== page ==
U.S. Personal Income & Outlays – Sep 2018

Released Monday, October 29, 2018

Download PDF version herePersonal Income: +0.2% month-over-month (Cons: +0.4%), +4.4% year-over-year
Personal Consumption Expenditures: +0.4% month-over-month (Cons: +0.4%), +5.0% year-over-year
Core PCE Price Index: +0.2% month-over-month (Cons: +0.1%), +2.0% year-over-year
Savings Rate: 6.2%, -0.4 ppt year-over-year

Quick Take:
Personal income rose +0.2% month-over-month in September, below economists’ estimates. Personal income rose a revised +0.4% in August, up from +0.3% originally. Year-over-year personal income growth was +4.4%, down from +4.7% growth in August. Wages and salaries, which make up ≈50% of personal income, grew +4.6% year-over-year in September, above the recovery average of +3.9%.

Nominal personal consumption expenditures rose +0.4% month-over-month in September, in line with economists’ expectations, while August’s monthly gain was revised to +0.5% from +0.3% prior. Nominal personal consumption growth in September was broad-based, as services spending and goods spending rose +0.3% and +0.6% month-over-month, respectively.

Personal spending growth outpaced income growth in September, dropping the savings rate to 6.2% from 6.4% in August. Personal consumption was the primary driver of real GDP growth in third quarter, as consumer strength continues to be supported by competitive labor markets and solid gains in wages and salaries.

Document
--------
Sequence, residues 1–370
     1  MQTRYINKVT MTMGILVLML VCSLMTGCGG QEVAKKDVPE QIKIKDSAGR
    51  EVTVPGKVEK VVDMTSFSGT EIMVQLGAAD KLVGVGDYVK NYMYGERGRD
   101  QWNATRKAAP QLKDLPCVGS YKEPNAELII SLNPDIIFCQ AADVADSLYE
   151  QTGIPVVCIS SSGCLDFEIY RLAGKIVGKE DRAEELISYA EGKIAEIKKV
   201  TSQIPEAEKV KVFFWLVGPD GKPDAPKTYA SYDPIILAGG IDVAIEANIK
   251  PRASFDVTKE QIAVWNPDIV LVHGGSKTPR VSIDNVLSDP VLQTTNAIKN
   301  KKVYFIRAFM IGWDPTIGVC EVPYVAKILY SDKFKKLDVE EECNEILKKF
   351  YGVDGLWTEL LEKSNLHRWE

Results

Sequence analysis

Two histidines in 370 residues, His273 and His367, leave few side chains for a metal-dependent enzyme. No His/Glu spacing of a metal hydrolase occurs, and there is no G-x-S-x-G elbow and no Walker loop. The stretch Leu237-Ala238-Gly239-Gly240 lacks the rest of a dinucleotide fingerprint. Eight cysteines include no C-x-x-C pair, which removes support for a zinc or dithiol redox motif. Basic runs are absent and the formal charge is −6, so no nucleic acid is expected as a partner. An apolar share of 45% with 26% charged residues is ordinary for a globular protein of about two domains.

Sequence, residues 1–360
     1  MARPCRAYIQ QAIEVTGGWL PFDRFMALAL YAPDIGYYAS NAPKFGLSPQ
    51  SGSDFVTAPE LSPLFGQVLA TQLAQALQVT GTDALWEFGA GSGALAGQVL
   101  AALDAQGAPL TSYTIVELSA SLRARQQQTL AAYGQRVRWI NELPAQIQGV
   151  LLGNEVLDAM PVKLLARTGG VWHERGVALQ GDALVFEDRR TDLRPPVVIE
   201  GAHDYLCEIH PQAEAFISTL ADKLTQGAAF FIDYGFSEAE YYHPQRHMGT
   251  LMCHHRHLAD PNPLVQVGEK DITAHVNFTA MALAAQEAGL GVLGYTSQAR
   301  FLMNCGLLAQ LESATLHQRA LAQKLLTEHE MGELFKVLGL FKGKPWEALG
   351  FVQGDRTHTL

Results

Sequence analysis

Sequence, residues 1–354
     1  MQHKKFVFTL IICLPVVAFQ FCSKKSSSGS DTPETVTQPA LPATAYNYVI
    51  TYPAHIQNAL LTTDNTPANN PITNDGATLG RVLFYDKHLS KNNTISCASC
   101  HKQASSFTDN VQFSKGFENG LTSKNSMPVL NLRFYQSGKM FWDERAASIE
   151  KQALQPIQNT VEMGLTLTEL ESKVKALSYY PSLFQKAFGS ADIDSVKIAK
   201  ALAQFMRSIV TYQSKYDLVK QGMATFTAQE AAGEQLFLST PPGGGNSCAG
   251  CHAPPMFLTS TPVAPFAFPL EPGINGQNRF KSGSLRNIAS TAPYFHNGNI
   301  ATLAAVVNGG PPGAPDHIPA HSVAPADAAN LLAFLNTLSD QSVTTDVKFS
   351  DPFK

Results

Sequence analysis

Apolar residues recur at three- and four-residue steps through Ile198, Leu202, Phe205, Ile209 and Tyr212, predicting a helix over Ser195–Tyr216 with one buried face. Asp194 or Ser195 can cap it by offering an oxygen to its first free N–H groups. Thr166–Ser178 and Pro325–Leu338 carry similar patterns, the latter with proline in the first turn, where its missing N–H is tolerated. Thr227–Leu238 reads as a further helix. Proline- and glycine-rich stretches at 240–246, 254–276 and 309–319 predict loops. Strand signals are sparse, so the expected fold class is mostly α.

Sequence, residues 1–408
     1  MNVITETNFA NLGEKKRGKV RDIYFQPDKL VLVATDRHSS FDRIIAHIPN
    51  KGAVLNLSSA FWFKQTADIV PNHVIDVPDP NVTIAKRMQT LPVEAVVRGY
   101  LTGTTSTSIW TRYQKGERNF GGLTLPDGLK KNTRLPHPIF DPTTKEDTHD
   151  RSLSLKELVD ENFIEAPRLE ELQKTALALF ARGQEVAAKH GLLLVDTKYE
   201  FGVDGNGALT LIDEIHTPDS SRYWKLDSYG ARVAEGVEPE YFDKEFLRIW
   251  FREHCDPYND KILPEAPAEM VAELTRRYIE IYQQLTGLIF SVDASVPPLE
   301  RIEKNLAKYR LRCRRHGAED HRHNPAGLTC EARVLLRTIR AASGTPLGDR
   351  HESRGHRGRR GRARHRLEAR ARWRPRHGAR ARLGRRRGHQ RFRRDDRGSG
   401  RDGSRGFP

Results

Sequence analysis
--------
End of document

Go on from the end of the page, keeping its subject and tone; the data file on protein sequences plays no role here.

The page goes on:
On the inflation side, month-over-month growth for the core PCE price index was +0.2% in September, slightly above economists’ estimates. Year-over-year growth was +2.0% for the sixth consecutive month in September. On a 6-month annualized basis, core PCE prices were up +1.7%. Housing and utilities inflation, which represents the largest component of core inflation, increased +3.0% year-over-year as of September and was up +2.6% on a 6-month annualized basis.

Notable Data:
Services spending, which makes up approximately two-thirds of personal spending, rose +5.2% year-over-year in September. Durable goods spending and nondurable goods spending each rose +4.7% year-over-year.

Real disposable income, an indicator of purchasing power, was up +0.1% month-over-month in September and rose +2.9% year-over-year, down from +3.0% growth in August. Real disposable income has grown above +2.5% year-over-year for 17 consecutive months.

Real personal consumption rose +0.3% month-over-month in September after rising +0.4% in August. On a year-over-year basis, real personal consumption rose +3.0%, down from the recent high of +3.2% growth in August.

 

U.S. Real GDP – Q3 2018 (Advance Estimate)

Released Friday, October 26, 2018

Download PDF version hereReal GDP: +3.5% quarter-over-quarter (annualized rate) (Cons: +3.3%), +3.0% year-over-year
Real Final Sales: +1.4% quarter-over-quarter (annualized rate), +3.0% year-over-year

Quick Take:
The advance estimate of Q3 real GDP growth was 3.5%, higher than economists’ estimates for 3.3% growth.  Q3 2018 represented the sixth consecutive quarter in which quarterly growth exceeded 2.0%, the longest such period of this cycle. On a year-over-year basis, real GDP grew 3.0% in Q3, the fastest pace of growth since Q2 2015. Growth in Q3 was powered by personal consumption, which contributed 2.7 percentage points (ppt) to quarter-over-quarter growth, and inventories, which contributed 2.1 ppt.